Having exhausted other hypotheses, Ricaurte now began to suspect that there was something wrong with the MDMA – either the MDMA he had used in the original study, which had gravely impaired the monkeys’ dopamine system, or the MDMA that he had used in his more recent experiments, which had not. Ricaurte had obtained all his MDMA from the Research Triangle Institute (RTI), a non-profit corporation based in North Carolina that produces special-purpose drugs under contract with the US government. Like most scientists, Ricaurte, relied on his suppliers to verify the purity of their drugs and didn’t check them himself.
The MDMA that Ricaurte used for his published study came from a 10g bottle that he received from RTI on April 27, 2000. That bottle had long since been used up and discarded, so its contents couldn’t be tested. But RTI did still have some of the same batch in storage. That sample, as well as a sample of the batch that Ricaurte had used in the newer studies, tested correctly for authentic MDMA.
In perplexity, Ricaurte ordered authentic MDMA from yet another, newer batch, and tested it on a baboon: it too failed to damage the animal’s dopamine neurons.
It then occurred to Ricaurte that, although the original bottle of MDMA had been discarded, he did still have the brains of two monkeys who had received injections from that bottle. These were the two monkeys (one squirrel monkey and one baboon) who had died shortly after receiving their third injections; Ricaurte had frozen their brains and put them in storage. Because these two animals had died so quickly, some of the MDMA should still have been present in the frozen brains. Ricaurte therefore tested for the presence of MDMA in these two brains as well as in the brains of other animals that he was certain had received authentic MDMA. He detected MDMA in those other animals readily enough, but there was no sign of MDMA in the two animals that had died after receiving the three injections from the suspect bottle. So Ricaurte concluded that the bottle, though labelled ‘MDMA’, had not in fact contained that drug.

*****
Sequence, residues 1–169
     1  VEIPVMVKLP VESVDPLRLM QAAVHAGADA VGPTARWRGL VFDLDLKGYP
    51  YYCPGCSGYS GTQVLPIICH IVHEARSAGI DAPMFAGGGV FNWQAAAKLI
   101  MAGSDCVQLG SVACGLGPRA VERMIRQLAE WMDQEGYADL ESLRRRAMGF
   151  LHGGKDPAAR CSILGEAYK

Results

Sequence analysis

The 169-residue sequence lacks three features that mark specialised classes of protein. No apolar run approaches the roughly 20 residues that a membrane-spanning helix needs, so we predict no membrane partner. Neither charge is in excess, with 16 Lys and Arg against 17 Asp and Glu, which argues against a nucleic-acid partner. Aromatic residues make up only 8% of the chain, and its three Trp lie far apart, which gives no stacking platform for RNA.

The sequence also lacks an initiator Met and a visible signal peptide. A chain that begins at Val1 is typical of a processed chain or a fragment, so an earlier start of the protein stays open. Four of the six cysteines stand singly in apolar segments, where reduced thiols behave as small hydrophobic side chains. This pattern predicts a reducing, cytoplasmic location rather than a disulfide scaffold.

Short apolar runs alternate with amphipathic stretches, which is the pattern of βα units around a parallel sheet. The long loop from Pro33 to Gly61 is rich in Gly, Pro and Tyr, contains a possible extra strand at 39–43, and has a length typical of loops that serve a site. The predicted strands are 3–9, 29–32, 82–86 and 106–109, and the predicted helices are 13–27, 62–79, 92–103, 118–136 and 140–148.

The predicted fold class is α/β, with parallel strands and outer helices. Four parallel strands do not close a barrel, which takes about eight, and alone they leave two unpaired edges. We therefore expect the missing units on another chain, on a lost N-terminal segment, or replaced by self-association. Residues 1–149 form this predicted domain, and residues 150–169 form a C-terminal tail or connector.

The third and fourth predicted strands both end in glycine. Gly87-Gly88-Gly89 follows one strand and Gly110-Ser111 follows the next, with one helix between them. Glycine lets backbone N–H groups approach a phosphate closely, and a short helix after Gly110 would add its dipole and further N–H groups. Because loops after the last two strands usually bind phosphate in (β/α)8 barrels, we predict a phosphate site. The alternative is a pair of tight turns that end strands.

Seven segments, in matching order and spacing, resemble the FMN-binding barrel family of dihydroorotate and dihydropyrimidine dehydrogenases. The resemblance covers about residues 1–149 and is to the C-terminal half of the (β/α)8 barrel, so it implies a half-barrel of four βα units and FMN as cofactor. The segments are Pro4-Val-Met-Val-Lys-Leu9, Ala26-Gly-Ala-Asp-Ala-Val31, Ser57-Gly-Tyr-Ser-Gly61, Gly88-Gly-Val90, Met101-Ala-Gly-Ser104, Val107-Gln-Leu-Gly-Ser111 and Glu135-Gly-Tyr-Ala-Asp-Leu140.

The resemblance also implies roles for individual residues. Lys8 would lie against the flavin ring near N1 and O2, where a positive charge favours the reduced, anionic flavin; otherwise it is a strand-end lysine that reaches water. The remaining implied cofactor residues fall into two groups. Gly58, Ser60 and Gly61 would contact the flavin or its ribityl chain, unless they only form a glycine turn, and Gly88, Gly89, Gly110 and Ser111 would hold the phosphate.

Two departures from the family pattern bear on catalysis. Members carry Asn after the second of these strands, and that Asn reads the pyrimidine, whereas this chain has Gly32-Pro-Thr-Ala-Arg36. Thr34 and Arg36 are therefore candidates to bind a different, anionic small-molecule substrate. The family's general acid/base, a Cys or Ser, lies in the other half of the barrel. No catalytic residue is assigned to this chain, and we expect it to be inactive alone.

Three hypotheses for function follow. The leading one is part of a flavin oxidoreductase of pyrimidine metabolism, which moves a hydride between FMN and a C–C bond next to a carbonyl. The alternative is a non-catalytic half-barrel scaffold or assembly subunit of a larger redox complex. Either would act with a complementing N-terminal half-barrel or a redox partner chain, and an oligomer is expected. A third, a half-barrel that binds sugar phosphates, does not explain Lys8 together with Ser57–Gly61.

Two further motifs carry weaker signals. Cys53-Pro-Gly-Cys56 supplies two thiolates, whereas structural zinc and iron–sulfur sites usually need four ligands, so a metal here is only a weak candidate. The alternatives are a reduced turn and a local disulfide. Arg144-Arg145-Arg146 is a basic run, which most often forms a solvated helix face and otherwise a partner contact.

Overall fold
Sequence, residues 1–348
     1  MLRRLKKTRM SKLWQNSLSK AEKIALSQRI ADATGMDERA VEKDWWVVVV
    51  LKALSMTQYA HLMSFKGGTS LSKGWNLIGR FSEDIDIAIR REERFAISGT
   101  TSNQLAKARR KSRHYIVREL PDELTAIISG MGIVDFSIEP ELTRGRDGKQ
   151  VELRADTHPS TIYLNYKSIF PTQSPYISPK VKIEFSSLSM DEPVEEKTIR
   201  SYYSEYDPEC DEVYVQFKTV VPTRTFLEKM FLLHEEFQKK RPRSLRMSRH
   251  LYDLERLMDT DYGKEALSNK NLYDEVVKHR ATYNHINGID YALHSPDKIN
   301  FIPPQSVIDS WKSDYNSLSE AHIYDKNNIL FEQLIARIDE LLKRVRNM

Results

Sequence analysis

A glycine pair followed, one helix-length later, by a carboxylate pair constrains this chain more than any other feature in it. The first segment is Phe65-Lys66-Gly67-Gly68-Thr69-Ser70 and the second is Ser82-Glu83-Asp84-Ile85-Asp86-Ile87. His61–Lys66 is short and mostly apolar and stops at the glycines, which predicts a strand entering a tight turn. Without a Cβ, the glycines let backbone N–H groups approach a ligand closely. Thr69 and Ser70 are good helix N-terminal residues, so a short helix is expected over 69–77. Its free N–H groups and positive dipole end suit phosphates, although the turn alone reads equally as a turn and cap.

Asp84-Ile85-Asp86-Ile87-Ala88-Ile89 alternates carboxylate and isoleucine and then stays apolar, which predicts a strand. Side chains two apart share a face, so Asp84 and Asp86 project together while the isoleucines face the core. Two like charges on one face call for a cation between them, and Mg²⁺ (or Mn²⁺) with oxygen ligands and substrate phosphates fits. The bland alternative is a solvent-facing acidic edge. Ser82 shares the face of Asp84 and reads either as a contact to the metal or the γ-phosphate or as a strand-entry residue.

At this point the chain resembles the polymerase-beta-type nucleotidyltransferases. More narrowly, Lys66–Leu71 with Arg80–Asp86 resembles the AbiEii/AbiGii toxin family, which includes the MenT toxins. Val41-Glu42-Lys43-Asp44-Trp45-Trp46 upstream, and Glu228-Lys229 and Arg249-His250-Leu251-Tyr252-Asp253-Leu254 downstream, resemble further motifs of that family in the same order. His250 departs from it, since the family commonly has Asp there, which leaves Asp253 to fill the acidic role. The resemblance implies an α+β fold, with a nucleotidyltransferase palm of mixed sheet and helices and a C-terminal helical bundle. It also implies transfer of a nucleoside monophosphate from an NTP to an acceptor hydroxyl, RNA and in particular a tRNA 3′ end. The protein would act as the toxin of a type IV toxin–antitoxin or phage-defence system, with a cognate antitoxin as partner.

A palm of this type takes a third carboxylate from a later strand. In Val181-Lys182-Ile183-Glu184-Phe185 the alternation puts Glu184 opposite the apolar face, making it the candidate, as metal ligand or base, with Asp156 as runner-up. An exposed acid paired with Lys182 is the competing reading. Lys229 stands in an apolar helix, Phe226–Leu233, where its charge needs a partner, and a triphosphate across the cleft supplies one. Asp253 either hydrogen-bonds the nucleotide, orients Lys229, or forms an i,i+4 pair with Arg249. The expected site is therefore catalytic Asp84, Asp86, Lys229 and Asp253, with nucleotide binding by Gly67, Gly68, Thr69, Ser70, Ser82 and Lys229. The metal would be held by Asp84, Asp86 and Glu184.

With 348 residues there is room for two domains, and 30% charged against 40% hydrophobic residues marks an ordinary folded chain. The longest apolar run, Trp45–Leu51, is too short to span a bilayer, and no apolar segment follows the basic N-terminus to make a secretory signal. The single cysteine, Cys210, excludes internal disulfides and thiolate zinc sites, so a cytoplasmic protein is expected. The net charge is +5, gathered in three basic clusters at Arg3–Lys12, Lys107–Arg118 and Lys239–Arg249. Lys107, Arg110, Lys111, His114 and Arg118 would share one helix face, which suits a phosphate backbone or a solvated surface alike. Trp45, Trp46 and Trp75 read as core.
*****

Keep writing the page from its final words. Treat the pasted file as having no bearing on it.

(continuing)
But something had to have been in the bottle, and that something had to have been a drug capable of severely damaging the monkeys’ dopamine systems, as well as inflicting lesser damage on their serotonin systems. Ricaurte was very familiar with a likely candidate, if for no other reason than that Rick Doblin had forcefully reminded him of it in his letter to Science just a few weeks earlier. That drug was methamphetamine – speed. If Ricaurte had given his monkeys methamphetamine rather than MDMA, that would not only explain the damage to their dopamine system; it might also explain why two animals had died and two had fallen sick. That’s because methamphetamine is a more potent drug than MDMA: when users take pure speed (often referred to as ‘crystal meth’ or ‘ice’) they typically take no more than 100mg, but Ricaurte had given his monkeys an amount that would correspond to a human dose of 150mg, and he had given the animals this dose three times in a row in the course of just a few hours.
So Ricaurte wanted to test the frozen monkey brains for the presence of methamphetamine. But he wasn’t very familiar with the testing protocol, so he started by taking some pure methamphetamine from a bottle also supplied by RTI and testing it. To his puzzlement, the test didn’t seem to come out right – the results were more suggestive of MDMA than methamphetamine. Ricaurte therefore sent out a sample for testing by a much more sensitive procedure – mass spectrometry. The results were unambiguous: the substance was not methamphetamine but MDMA.
It was now beginning to seem that RTI had provided Ricaurte with incorrectly labelled drugs, and not just once but twice. And, even more remarkably, the two suspect bottles had been received from RTI on the same day, April 27, 2000, as part of the same order and in the same package. Was it possible that a technician at RTI had accidentally switched the labels between the two bottles so that the MDMA ended up being labelled as methamphetamine and vice versa?